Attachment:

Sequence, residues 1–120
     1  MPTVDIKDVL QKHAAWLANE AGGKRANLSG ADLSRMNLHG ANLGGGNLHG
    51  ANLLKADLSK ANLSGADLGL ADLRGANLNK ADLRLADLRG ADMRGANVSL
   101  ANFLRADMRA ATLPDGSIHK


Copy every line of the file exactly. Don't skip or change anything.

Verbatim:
Sequence, residues 1–120
     1  MPTVDIKDVL QKHAAWLANE AGGKRANLSG ADLSRMNLHG ANLGGGNLHG
    51  ANLLKADLSK ANLSGADLGL ADLRGANLNK ADLRLADLRG ADMRGANVSL
   101  ANFLRADMRA ATLPDGSIHK